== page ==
David Wilson is editor of Engineeringtalk and Electronicstalk and associate editor of The Engineer
In their younger and more vulnerable years, my children loved playing games on their Nintendo Gamecube. More specifically, the games that really took their fancy were the sorts of strategy games that demanded care and skill, as well as a great deal of problem solving.
As I watched them play, I often thought about the Japanese software developers who had created those games and the enormous amount of time that they had taken crafting intriguing sets of original puzzles to suitably tax the mind of their young audience.
But it always seemed a pity to me that they would never really have a true measure of how strictly challenging their games were once they had been purchased in their millions. Yet if they could have gleaned such feedback from their user base, I knew that they could undoubtedly develop a new generation of software that would be even more testing.
Well, what do you know? Now it would appear that one games developer has actually done just that — cottoning on to my idea of accumulating data from its users to craft more effective software. But this new game isn’t from the usual gang of video publishers that you might be familiar with. No, this time around, the game in question has been developed by none other than engineers at the US Defense Advanced Research Projects Agency (DARPA).
That’s right. Realising that they can leverage Joe Public’s love of computer games to their advantage, the folks there have developed a rather deadly game called Dangerous Waters that puts players into the virtual driver’s seat of one of several so-called Anti-Submarine Warfare (ASW) Continuous Trail Unmanned Vessels (ACTUV).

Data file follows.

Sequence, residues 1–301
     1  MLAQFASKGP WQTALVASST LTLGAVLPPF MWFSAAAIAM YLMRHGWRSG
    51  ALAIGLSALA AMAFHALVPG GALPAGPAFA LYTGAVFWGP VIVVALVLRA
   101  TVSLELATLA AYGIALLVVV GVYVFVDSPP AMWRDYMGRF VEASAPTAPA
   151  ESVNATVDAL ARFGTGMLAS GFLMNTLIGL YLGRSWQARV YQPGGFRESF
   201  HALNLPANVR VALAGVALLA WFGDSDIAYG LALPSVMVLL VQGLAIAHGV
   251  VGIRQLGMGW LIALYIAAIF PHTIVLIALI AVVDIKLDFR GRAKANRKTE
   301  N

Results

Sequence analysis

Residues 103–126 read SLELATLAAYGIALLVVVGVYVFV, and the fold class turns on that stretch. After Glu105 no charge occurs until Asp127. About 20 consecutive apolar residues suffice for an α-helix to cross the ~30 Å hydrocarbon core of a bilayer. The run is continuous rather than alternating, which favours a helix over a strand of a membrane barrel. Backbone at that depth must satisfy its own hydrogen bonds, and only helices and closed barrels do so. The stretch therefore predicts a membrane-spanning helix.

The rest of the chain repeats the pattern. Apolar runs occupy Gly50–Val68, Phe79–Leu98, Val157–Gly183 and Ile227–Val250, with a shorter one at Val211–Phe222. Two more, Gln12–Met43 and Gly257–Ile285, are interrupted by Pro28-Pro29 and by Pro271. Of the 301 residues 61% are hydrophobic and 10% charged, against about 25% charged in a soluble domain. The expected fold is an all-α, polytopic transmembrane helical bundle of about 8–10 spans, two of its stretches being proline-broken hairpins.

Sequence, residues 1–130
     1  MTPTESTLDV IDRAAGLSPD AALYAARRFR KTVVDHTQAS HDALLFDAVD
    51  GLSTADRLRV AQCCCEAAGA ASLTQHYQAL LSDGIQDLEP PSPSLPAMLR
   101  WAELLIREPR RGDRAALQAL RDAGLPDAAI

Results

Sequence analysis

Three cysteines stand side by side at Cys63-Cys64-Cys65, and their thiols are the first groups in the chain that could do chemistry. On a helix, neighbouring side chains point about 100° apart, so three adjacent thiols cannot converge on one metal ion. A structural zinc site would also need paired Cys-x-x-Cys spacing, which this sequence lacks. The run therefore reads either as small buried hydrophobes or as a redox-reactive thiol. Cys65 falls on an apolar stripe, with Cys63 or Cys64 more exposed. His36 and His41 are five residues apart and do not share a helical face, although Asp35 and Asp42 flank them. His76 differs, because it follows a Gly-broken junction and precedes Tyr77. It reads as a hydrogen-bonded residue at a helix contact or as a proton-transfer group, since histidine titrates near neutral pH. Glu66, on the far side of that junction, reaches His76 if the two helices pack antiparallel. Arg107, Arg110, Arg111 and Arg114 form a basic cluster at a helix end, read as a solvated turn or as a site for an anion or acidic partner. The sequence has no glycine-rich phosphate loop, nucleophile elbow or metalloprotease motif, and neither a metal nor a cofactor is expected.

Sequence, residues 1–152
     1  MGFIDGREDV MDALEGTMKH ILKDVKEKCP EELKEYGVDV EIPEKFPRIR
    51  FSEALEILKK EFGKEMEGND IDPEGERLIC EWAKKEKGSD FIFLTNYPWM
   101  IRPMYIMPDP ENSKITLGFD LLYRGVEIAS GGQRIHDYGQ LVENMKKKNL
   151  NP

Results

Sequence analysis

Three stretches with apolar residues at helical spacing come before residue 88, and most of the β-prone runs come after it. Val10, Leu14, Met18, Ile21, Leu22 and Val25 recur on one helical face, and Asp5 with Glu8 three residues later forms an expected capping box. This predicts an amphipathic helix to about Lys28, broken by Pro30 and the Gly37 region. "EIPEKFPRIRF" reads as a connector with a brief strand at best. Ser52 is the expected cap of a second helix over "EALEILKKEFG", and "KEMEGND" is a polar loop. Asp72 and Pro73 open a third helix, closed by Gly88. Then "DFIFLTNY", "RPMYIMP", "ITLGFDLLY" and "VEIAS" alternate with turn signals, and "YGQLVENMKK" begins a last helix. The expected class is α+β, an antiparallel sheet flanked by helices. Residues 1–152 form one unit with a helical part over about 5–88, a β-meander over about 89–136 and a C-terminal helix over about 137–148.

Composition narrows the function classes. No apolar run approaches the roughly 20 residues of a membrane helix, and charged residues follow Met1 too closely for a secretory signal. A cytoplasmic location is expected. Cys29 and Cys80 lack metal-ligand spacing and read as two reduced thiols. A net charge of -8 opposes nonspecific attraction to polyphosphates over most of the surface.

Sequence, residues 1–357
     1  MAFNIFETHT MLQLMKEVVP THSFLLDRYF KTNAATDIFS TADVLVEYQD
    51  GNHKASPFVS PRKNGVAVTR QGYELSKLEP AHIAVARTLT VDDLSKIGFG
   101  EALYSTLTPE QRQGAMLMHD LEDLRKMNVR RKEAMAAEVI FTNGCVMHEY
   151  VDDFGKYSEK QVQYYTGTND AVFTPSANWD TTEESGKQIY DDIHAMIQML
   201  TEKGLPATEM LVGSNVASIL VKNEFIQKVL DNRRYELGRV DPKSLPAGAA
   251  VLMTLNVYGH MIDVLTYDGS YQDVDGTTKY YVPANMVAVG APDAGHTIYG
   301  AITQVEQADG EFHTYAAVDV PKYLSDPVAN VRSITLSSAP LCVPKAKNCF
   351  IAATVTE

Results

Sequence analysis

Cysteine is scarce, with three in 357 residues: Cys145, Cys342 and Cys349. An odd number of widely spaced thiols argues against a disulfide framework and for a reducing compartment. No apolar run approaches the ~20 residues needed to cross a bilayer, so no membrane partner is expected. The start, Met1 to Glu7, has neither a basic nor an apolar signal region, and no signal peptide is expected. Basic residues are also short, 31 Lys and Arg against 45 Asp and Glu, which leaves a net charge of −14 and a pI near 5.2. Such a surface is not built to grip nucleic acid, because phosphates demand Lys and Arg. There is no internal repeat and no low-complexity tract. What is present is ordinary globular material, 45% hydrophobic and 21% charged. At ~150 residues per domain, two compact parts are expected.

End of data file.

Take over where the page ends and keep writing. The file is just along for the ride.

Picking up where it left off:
Once in the hot seat, they are challenged to use the capabilities of the vessel to track enemy submarine commanders so they can’t escape into the ocean depths. After they have done so, the folks at DARPA will amass the data relating to their tracking tactics, and by doing so, develop real-world autonomous software for the ACTUV’s computers.
It’s a cunning idea alright, leveraging the combined knowledge of hundreds, or even thousands of users, to create next-generation defence software. And it’s an idea that many other developers of engineering software might also like to consider.
After all, by monitoring the use of their offerings across a huge user base, those software engineers might discover ways to make their software packages a darned sight easier to use than they are today. It certainly would be an improvement over accumulating the usual set of performance feedback logs that simply capture software instability issues, system, processor, memory size and type, and versions of an operating system.
Yet despite the inherent advantages to such data-collection techniques, I can’t help but hope that the software simulator developed by the clever chaps at DARPA isn’t excessively realistic. If it is, I feel that they may have given the game away to those parties more interested in developing sophisticated countermeasures instead.
Still, if you, like my own children, have no other pressing engagements this coming long weekend, you can always scope out the game here.
The Wilson’s world blog also forms part of the Engineeringtalk, Electronicstalk and Manufacturingtalk newsletters. To subscribe, go here for Engineeringtalk, here for Electronicstalk and here for Manufacturingtalk